The main purpose of a requirements statement from the point of view of software development is to support the subsequent design and implementation phases. When our aim is evaluation, this is no longer a priority. A new end-audience for the statement is important, however: the customer of the evaluation. In fact, this is not so different from the classical view; one of the most talked-of issues in requirements representation is the need to re-present requirements for agreement to the management, the commissioning organisation, experts whose knowledge is being represented, etc. (this is one of the biggest difficulties with formal methods).
The Consumer Report Paradigm mostly assumes a certain familiarity with the products under test on the part of the customer of the evaluation. This allows the reporting of attributes which relate fairly directly to measurements of the system, and whose relevance to individual customers' needs is taken to be evident. Nonetheless, such attribute listings are usually accompanied by explanatory text which can help to make clear the relationship between characteristics of a customer's requirements that are easy to recognise (because they are couched in the customer's own problem vocabulary) and the attributes whose values relate to those requirements. For Linguistic Engineering, the factors of technical performance are not well understood by any mass market audience, and indeed there may not be an adequate vocabulary for the linguistic facts of the problem domain, regardless of system considerations. Explanation of the relevance of attributes might therefore be considered an important part of the function of an evaluation in the area of LE .
How wide should the external bounds of the evaluation be set? One of the criticisms levelled at consumer reports is that they take a given user task, but then assume a certain product class as the candidates to satisfy that need (taking a restricted view of the task). Innovative consumer reports sometimes take seriously the idea of taking the user's need as primary, and preparing evaluation criteria at the top level which do not take for granted a particular type of satisfier for the need. For instance, instead of evaluating cars as though they were a given natural class of satisfiers, some reports have evaluated cars along with combinations of cycling, public transport, and walking, even choice of living area, as potential satisfiers of users' mobility or access requirements. In the case of spelling checkers, it must be relevant to the impact of spelling checkers on the overall task of document quality assurance to know that the errors that spelling checkers are able to spot are also those that people find it easiest to spot (namely, errors that do not result in other legal but unintended words) (Cohen80) .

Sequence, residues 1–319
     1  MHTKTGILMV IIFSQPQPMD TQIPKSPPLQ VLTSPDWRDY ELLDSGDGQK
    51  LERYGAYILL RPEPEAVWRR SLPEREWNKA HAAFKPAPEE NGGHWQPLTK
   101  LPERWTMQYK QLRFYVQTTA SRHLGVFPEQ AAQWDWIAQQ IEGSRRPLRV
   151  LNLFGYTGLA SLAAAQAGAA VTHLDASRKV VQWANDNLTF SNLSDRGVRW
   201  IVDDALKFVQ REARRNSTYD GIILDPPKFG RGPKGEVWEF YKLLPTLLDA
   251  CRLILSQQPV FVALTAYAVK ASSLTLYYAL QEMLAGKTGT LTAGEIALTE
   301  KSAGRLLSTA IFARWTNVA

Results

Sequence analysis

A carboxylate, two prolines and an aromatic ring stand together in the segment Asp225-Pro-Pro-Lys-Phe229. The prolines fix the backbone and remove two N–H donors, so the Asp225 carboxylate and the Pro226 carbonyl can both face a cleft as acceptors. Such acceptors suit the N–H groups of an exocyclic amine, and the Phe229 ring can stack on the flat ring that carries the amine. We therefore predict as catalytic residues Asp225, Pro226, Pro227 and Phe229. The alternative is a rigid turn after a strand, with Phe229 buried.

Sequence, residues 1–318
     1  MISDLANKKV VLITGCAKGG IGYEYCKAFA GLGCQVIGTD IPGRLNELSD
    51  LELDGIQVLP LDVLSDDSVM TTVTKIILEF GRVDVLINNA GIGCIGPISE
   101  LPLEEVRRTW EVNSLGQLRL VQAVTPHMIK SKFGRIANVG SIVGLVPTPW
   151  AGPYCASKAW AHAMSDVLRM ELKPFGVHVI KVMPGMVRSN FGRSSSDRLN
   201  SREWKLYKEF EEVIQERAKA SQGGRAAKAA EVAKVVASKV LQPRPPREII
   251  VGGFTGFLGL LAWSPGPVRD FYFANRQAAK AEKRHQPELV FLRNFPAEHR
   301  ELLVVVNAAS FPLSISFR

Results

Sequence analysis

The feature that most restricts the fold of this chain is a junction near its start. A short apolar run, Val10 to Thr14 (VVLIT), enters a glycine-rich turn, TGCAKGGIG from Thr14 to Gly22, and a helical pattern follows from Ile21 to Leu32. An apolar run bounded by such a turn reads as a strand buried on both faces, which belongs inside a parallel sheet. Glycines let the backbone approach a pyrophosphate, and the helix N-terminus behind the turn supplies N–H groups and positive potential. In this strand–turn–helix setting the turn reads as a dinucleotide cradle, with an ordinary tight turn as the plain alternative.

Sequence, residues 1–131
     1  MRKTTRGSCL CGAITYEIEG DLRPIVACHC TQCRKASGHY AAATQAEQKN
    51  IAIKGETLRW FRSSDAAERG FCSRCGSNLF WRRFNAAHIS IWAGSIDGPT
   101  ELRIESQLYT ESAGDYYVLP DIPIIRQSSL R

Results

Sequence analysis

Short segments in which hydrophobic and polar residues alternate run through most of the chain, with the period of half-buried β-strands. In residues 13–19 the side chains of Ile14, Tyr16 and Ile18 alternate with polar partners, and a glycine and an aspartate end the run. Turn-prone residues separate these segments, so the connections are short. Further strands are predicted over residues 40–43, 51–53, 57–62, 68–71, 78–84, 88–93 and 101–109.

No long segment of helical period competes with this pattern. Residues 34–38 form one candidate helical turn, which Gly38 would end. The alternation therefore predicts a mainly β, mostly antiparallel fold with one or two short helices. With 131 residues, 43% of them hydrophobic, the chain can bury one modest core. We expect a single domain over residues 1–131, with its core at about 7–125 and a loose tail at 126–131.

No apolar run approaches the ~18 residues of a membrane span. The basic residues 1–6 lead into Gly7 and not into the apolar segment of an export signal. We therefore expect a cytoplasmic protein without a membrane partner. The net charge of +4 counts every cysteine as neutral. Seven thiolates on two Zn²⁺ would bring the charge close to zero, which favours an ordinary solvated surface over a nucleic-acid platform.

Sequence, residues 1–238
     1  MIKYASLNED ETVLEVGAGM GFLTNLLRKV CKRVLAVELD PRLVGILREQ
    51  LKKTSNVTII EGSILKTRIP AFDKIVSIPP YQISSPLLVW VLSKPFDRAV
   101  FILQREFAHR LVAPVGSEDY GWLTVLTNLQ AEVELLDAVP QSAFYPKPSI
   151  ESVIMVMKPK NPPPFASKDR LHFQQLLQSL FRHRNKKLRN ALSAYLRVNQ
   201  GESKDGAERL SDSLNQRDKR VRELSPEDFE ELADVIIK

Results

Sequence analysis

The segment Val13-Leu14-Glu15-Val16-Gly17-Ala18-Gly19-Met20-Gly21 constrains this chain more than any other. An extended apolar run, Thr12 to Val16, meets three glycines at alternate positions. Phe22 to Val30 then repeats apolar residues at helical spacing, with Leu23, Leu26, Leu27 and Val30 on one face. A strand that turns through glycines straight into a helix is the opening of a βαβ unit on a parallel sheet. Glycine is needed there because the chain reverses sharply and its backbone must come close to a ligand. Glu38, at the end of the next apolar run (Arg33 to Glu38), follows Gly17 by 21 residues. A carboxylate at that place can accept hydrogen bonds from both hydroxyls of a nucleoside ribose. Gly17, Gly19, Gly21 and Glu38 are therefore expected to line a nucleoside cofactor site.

If we take seriously the needs of the customer, then, we need to analyse their requirements for explanation, as well as just technical requirements.
In knowledge acquisition for expert systems, it has often been remarked that once you try to get information from more than one `expert', you are in trouble, even if these are supposed to be experts in the same field, playing the same rôle in the situation being analysed. In fact, the gathering of requirements is complicated by the fact not only of different rôle-players, but multiple rôles in the situation, which may result in completely different viewpoints on the problem. These may simply involve different vocabularies to describe compatible requirements, but they may also involve genuine clashes in requirements between different stake-holders, e.g., management and end-users, writers and editors. There is a good deal of work being done in Requirements Engineering on how to represent and manage such multiple viewpoints, some of which may be relevant to our needs (Nuseibeh94) .
Where multiple viewpoints do not involve clashes, they can once again be seen as a special case of the redescription activity which is a fundamental way of conceptualising the requirements analysis process.
In a sense, to explain the relationship between descriptions of requirements that are comprehensible to the customer or audience of an evaluation, and those attributes of systems that can be directly measured is to explain why the system-level attributes are valid measures of customer-level requirements, and hence is related to work in the traceability of requirements and issues about the validity of requirements and measures, which are discussed in the following section.